Also, regarding your Yeti Bluetooth features, it appears both the pros and cons are similar to my Victron setup. I'm not sure if this relates to your setup but after today I figured that I should have installed a breaker between the solar panels and the MPPT instead of an inline fuse. My thought was that it would be rare that I would need to disconnect the panels from the MPPT but I have discovered that the app won't recognize the Bluetooth solar controller sometimes and I need to reset it by disconnecting the two. Also, I just received word that it's recommended to disconnect the panels from the MPPT when not in use. So, climbing up on the roof to disconnect the fuse is a pain. Anyway, just thought I would mention that while you're in the build phase in case you haven't installed a breaker where your Bluetooth stuff is connected so you can easily reset it. Keep up the good work 👍🏻
 

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Discussion Starter #28
Anyway, just thought I would mention that while you're in the build phase in case you haven't installed a breaker where your Bluetooth stuff is connected so you can easily reset it. Keep up the good work 👍🏻
Thanks for the ideas around the breaker. I'll put that on my long todo list.

I'm not that interested in monetization but I appreciate your generous comments. Like many on this forum, when I grew up there weren't many resources available to figure things out.
There are loads of bright and creative people on youtube and forums like these that have done fantastic work. While I don't think my work is of the same caliber, I want to give back to the community. Now, is a glorious time to get help or ideas.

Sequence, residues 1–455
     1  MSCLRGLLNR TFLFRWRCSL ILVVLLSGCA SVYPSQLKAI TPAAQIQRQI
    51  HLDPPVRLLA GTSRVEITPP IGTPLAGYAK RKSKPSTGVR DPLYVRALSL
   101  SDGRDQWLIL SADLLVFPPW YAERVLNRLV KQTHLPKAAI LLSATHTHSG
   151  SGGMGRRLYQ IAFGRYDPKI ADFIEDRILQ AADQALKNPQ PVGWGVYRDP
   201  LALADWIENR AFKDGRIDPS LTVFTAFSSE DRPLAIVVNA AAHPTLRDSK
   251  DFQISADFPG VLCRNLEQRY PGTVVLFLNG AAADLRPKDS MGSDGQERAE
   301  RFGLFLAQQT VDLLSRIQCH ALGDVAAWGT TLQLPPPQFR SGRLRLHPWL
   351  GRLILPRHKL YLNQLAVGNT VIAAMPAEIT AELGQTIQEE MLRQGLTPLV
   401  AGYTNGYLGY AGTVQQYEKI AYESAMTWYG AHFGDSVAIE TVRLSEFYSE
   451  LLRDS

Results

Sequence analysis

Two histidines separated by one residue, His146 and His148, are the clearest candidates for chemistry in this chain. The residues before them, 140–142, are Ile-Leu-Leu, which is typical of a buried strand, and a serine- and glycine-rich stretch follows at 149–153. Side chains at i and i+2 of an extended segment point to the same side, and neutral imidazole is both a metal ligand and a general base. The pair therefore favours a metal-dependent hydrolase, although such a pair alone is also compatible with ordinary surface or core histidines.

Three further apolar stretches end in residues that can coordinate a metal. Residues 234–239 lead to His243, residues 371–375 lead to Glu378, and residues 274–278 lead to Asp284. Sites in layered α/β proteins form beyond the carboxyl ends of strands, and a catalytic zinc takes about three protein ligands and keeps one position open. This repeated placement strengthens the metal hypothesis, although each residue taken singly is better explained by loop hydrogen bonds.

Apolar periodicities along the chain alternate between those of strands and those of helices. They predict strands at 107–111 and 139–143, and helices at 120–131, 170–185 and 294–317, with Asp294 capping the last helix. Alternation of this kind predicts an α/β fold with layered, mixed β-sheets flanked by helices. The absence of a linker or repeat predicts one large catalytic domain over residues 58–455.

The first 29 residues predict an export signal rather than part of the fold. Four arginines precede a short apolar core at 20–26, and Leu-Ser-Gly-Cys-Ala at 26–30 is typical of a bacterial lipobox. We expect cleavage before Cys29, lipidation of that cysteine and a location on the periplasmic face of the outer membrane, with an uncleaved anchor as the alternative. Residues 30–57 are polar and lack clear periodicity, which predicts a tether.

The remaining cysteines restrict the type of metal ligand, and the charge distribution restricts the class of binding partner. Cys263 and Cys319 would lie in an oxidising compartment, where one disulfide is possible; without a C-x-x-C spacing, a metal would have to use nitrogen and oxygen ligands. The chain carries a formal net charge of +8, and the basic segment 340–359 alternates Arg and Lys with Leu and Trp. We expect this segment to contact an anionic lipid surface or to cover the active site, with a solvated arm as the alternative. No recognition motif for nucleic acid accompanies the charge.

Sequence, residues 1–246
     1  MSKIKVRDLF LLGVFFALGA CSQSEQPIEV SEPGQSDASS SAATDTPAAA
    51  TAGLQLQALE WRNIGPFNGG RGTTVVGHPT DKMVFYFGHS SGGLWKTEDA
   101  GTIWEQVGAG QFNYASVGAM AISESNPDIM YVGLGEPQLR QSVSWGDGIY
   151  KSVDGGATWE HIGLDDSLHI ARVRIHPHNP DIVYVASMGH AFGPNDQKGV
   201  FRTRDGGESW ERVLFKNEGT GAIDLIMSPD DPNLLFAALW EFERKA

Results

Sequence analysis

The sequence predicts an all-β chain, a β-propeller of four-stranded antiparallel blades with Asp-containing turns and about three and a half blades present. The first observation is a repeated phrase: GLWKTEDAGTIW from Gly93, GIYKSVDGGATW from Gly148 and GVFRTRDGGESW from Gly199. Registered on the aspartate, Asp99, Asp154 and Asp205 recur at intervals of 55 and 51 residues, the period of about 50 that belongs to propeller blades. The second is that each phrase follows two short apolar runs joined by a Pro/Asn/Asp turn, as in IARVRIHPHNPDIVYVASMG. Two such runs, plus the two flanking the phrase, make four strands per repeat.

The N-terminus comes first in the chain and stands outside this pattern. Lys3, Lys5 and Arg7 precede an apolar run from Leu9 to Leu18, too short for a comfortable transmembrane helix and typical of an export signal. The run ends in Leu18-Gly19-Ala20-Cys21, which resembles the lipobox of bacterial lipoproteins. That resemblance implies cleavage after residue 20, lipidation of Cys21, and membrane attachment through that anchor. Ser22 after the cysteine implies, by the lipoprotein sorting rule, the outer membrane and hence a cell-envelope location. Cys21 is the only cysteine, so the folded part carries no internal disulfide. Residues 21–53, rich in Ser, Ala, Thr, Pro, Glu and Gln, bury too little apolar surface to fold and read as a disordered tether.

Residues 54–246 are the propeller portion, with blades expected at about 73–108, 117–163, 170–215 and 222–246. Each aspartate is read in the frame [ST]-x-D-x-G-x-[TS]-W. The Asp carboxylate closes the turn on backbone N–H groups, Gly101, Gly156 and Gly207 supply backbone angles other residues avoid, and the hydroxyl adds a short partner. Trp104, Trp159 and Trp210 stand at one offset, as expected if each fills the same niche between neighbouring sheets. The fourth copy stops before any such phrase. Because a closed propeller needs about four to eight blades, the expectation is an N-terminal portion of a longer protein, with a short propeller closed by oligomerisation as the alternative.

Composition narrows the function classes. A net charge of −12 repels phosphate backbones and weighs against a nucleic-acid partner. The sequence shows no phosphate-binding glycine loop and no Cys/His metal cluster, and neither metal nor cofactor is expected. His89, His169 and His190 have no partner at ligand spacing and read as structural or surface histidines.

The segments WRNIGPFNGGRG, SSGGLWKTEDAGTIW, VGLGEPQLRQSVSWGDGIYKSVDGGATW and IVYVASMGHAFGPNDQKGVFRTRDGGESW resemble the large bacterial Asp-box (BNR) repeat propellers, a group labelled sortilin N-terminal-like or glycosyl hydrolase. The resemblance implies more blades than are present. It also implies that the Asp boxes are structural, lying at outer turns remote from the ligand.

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Discussion Starter #29
Toilet
I am not planning on living in my van. Most of my trips will be a week long, more or less.
Given that, I went with a manual Thetford porta potty off Amazon. It’s simple, easy to empty and can also double as a stool (get it? Ha ha).
My family was nice enough to sew a cover for it. There are similar ones on Etsy if you don’t have sewing skills yourself.
I included a picture of the finished cover as well as the interior of it so you can see the sewing pattern that seem to work for us
 

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Discussion Starter #30
Trailer electrical wiring

The van was originally purchased with the trailer wiring provisions as an option. The original owner provided me with the final wiring harness which was the last 4 feet or so but it wasn’t installed.
Today I installed the wiring harness so I can tow a U-Haul Trailer for spring yardwork.

It was a fairly simple project with the stubbed wiring from Ford about 3 feet back on the driver side. I zip tied the wire harness back to the frame. I finally zip tied the receptacle above the receiver to be out of the way and secure.

In hindsight, the Ford OEM receiver would have provided a cleaner look because it has a cut out for the electrical wiring harness. I’m OK with my solution with the trailer receiver but a cleaner look would be nice.
 

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Discussion Starter #31
As is frequently the case, I looked for directions/advice after the fact. Here is a 17 page topic on tow/trailer electronics, cables and installation.